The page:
Re: brand newbie function libraries

From: B. v Ingen Schenau (bart_at_ingen.ddns.info)
Date: 01/31/05


Date: Mon, 31 Jan 2005 19:55:13 +0100


[top-post reformatted]

Please don't top post. Put your own contributions after the material you
are responding to.

john smith wrote:

> "Mike Wahler" <mkwahler@mkwahler.net> wrote in message
> news:s7aLd.1866$Nn1.1426@newsread1.news.pas.earthlink.net...
>> "john smith" <john@smith.com> wrote in message
>> news:Fv5Ld.674$t57.23967@nnrp1.ozemail.com.au...
>>> hello.
>>> I'm trying to work out how to create a simple function library.
>>> I'm using Dev-C++ IDE. on winxp.
>>> Anyone know how I do this with Mingw port of GCC? I'm pretty sure
>>> the
>> files
>>> I've added here are correct. Can anyone help?
>>
>> Sorry, but not here. Here we only discuss the standard
>> C and C++ languages. Building libraries is outside the
>> scope of the languages, and each development product
>> will have its own way of doing it. Check support
>> resources (e.g. web sites, mailing lists, newsgroups, etc.)
>> dedicated to your particular product(s).
>>
>> BTW your code looks fine.
>>
>> Purpose of alt.comp.lang.learn.c-c++:
>> http://www.comeaucomputing.com/learn/faq/
>>
>> -Mike
>>
> Ok..
> Is what I'm trying to do the way you create organise a C++ program. I
> mean
> I can sucsessfully put all my functions in one file with main(). But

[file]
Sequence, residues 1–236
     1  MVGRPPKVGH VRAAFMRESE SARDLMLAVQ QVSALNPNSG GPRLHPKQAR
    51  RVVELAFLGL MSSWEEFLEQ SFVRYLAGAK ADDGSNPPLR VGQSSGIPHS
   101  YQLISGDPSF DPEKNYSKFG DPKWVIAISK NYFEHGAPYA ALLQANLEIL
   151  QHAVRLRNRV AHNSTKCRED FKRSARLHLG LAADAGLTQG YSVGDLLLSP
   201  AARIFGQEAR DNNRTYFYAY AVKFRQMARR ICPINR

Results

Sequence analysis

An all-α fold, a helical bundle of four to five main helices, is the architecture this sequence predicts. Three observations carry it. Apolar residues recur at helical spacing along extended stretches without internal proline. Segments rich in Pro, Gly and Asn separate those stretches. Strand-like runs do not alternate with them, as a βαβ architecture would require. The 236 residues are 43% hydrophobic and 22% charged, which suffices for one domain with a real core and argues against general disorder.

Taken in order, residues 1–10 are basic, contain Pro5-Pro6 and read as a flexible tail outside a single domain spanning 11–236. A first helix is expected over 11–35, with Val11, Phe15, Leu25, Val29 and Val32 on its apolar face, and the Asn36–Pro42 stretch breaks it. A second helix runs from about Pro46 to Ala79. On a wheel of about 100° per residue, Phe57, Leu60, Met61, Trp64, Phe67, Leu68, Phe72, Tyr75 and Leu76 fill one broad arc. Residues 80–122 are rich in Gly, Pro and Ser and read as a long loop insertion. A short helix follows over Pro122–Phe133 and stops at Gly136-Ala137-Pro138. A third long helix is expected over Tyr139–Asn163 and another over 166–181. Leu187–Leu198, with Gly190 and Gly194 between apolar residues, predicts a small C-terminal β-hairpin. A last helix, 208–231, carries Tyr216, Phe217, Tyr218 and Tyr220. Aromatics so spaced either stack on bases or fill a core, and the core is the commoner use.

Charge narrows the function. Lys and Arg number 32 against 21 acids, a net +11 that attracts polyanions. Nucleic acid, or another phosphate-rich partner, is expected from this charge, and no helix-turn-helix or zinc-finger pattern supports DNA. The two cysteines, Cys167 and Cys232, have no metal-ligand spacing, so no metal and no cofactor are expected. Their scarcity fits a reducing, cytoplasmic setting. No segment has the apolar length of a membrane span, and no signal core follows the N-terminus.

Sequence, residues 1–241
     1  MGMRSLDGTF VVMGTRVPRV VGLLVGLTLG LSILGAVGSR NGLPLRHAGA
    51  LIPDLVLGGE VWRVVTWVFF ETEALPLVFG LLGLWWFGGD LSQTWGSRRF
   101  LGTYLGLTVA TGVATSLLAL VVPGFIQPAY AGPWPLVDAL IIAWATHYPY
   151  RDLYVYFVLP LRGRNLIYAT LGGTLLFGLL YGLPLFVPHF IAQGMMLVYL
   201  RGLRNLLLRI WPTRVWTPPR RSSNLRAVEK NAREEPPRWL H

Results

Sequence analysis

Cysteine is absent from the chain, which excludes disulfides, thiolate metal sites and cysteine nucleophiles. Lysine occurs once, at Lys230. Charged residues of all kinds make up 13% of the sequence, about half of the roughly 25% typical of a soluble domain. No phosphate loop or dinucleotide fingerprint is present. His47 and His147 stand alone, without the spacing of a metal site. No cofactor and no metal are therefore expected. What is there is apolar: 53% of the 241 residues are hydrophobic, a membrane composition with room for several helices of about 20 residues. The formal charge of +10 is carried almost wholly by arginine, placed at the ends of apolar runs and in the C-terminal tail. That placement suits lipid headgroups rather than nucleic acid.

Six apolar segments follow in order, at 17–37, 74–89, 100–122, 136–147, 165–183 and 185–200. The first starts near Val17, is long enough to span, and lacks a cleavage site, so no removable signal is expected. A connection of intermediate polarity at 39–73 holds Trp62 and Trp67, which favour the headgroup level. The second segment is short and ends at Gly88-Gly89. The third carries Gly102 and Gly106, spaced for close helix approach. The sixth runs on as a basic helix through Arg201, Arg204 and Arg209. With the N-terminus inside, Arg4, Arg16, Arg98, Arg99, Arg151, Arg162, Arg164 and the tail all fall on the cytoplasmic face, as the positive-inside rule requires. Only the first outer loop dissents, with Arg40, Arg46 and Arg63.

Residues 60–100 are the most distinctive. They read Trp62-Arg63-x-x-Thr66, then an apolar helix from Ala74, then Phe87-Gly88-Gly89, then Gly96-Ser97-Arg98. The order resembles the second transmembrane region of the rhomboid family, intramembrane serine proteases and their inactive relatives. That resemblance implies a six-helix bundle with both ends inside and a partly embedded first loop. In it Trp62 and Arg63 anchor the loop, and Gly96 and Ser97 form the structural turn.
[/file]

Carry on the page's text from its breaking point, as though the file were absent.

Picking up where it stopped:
> I'm guessing it would get messy as things get bigger.

You are guessing right.
>
> In general, would a program consist of a main file with the main()
> function and multiple other files for different functions and classes?

Yes.
>
> If so, are these external functions and classes compiled differently
> on different compilers?

They are not exactly compiled differently, but you have to tell the
compiler somehow that your project consist of the files a.c, b.c and
main.c, but that z.cpp is completely unrelated to your current project.

When you are using a command-line compiler (and you have a small number
of files) you can typically list all the files on the command-line and
the compiler will combine them all after compilation into one
executable.
When you have a larger number of files in your project, the traditional
way of managing them is by using something called a 'makefile', and a
utility called 'make'.
Most (reasonably) modern IDE's will have a facility to manage a project.
When you add files to such a project, the IDE will tell the compiler
that all those files belong together.

To find out if your IDE can manage projects, and to get the most out of
it, you can best turn to a support-group for your IDE. That is where
you will find the experts on that subject.

>
> Hope this makes sence.
>
> now... to read that massive faq

After you have read it, bookmark it. Then you can easily come back when
new questions arise.

> gavin.
>
Bart v Ingen Schenau

-- 
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